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Greetings, friends. I hopped over to the football side of things once last year’s baseball season ended, but now I’m back. And apparently, I am such a disturbed individual that I am doing fantasy baseball mock drafts in early January. And, I am writing about them. And, well, I just wanted to start another sentence with and because it feels so wrong but so right at the same time. Anyway, moving on.

I was fortunate enough to be invited to the Couch Managers 2017 Industry Mock Draft, and we’re going to recap it here. This mock was for a 15-team, 5×5 roto, with 23 roster spots made up of 9 pitchers (9), 1 spot for each position (8), a second catcher (1), 2 more outfielders (2), one corner infielder (1), one middle infielder (1), and one utility position (1). As long as I did that math correctly, that is 23 spots.

Below, I will provide the results for the first six rounds and a give my thoughts for each round. I’ll do the same for rounds 7-12, 13-18, and 19-23 in subsequent posts. I’ll try to keep it brief. All we really care about are the results here, right? Feel free to tell me how awesome or crappy you think my team is, along with what you think were the best and worst picks of the draft or the different rounds…

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After drudging through an Andy Dufresne-type tunnel for the top 20 catchers for 2016 fantasy baseball, I find myself with a group that actually really hurt or helped your team depending on how you drafted.  If you went wrong with your 1st baseman, it could kill your season.  Hey, Prince Fielder, no hard feelings from me.  We are totally fine since I knew not to draft you.  If you went right, you might’ve won your league.  Last year, I said offense was making a comeback.  This year, I say, you prophetic son of a B, darn tootin’ offense is making a comeback.  How’d you get so handsome and wise, though not wise enough to answer a question posed by yourself?  Lots of guys on this list not only did well, but did better than their preseason projections.  Offense is in full swoon, like Our Commissioner Manfred is swooning with the guy who wrapped the baseballs a little bit tighter this year.  To recap, this final ranking is from our Fantasy Baseball Player Rater with my comments.  Anyway, here’s the top 20 1st basemen for 2016 fantasy baseball and how they compared to where I originally ranked them:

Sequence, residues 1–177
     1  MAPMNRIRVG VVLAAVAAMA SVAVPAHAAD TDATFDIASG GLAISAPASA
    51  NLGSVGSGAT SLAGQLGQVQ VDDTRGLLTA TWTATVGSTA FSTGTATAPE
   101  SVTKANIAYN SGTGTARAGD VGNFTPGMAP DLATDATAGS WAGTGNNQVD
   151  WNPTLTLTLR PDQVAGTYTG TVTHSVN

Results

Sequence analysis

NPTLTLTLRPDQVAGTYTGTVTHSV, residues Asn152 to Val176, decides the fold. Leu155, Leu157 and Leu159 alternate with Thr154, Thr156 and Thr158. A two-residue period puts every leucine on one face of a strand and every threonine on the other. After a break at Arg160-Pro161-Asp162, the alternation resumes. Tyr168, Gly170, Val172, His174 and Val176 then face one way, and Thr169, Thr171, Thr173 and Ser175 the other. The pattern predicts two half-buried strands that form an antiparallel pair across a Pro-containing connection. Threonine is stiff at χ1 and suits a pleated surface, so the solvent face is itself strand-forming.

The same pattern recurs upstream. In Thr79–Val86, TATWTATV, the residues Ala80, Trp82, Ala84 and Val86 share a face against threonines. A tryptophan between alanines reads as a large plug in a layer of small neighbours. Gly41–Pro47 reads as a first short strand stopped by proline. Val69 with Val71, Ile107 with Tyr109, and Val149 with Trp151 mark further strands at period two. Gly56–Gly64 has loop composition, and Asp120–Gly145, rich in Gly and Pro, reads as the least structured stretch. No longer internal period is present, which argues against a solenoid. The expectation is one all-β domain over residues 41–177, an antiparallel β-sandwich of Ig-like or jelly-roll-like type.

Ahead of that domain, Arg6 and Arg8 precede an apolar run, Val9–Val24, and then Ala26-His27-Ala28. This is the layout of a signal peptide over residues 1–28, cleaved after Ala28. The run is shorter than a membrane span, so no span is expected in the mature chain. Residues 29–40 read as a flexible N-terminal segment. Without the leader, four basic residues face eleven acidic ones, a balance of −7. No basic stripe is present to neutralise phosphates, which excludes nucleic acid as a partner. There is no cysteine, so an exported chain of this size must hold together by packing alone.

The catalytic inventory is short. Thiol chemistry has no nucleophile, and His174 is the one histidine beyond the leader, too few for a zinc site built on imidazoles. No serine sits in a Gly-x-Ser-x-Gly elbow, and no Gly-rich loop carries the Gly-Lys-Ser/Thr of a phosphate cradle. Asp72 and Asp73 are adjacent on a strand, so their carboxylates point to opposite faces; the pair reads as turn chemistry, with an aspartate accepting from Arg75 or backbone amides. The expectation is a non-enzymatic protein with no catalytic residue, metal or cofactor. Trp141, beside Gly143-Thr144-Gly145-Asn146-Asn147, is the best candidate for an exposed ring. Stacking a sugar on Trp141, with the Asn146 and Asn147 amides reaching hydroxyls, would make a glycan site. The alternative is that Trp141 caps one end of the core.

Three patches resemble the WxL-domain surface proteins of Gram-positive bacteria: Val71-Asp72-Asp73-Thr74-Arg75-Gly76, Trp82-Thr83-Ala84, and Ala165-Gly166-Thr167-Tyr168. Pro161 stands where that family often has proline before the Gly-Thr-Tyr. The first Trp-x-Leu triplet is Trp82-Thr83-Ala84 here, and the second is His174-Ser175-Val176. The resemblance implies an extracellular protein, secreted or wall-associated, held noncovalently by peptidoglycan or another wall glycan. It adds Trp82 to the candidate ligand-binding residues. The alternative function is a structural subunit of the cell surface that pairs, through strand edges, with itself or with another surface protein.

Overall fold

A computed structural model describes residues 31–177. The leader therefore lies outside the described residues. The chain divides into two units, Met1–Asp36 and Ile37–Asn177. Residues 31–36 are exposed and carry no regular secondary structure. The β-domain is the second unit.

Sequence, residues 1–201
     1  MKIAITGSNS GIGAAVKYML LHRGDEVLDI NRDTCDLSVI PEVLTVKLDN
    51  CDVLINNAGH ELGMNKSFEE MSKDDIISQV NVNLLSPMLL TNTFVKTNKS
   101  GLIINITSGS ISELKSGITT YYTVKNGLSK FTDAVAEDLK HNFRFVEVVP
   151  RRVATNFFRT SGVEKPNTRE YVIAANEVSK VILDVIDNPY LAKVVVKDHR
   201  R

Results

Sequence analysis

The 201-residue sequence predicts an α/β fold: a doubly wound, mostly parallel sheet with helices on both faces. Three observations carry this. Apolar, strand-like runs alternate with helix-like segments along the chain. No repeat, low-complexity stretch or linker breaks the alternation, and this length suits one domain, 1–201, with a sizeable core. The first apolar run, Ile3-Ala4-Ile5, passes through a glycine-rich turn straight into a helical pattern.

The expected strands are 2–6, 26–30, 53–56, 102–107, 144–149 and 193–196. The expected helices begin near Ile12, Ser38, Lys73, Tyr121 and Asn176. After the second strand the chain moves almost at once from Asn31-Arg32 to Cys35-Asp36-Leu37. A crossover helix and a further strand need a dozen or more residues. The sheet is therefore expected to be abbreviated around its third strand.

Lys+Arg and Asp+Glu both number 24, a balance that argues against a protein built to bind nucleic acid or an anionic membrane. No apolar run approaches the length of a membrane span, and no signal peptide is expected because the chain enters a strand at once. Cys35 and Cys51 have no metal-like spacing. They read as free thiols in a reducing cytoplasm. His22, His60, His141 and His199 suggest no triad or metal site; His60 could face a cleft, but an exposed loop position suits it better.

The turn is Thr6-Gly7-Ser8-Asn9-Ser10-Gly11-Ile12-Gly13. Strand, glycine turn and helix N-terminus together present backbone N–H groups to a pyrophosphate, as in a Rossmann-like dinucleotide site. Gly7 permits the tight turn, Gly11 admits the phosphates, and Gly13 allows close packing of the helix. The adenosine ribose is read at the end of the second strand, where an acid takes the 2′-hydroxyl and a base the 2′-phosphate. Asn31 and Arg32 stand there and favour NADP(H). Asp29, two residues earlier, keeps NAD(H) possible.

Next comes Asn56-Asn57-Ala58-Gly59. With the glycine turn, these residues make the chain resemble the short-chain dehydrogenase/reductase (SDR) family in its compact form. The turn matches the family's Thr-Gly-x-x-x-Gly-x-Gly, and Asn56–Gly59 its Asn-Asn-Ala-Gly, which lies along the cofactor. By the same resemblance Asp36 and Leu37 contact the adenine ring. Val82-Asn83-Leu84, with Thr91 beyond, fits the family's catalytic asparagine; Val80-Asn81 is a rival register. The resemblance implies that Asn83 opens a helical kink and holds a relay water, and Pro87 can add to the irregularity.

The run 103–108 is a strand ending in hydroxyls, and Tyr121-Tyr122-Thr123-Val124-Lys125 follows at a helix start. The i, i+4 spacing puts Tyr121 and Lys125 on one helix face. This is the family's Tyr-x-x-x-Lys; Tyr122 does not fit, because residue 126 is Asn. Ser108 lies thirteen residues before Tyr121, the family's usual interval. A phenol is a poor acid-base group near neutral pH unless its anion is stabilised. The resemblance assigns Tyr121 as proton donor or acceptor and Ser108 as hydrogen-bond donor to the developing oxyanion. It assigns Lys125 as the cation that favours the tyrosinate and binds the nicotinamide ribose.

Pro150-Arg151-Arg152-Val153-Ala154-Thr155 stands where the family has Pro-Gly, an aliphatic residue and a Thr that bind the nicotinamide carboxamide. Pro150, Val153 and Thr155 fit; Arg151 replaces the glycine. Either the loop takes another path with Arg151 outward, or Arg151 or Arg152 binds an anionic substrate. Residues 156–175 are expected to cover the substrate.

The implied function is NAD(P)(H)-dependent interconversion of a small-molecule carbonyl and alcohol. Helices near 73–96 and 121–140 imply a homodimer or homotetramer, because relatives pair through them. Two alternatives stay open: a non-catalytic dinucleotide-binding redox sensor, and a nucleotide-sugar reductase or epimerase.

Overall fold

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At Stephen Strasburg‘s summer DL rental, the driveway is an inverted W and he timeshares with Ryan Zimmerman.  The Nationals said Strasburg’s elbow issue is not structural.  Yeah, it’s deconstructed like a Cobb salad at some overpriced restaurant.  I’m sure Strasburg is totally fine and it’s completely coincidental that he has a 10.19 ERA in August.  Totally unrelated, guys and five girl readers, totally unrelated.  Strasburg feels like the kind of pitcher that we can never rely on for more than 150 IP.  In five years, he’s thrown 200+ IP once and he’s 28 years old.  Oh, and ‘member how Strasburg was supposed to bounce back this year?  He currently has the worst ERA of his career.  Yeah, great.  In my fantasy team news, because who doesn’t love someone talking about their fantasy team, Strasburg hit the DL about an hour after my weekly Scout league locked.  The same league where I was in first a week ago before Strasburg went to Coors and Lackey went to the DL.  The same league where I’m now in 2nd.  The same league where I needed Strasburg to start twice this week and Lackey was set to face the Padres.  The same league that ends at the end of August.  The same league that just made me cry.  I need a tissue, you karmic bullies!  Anyway, here’s what else I saw yesterday in fantasy baseball: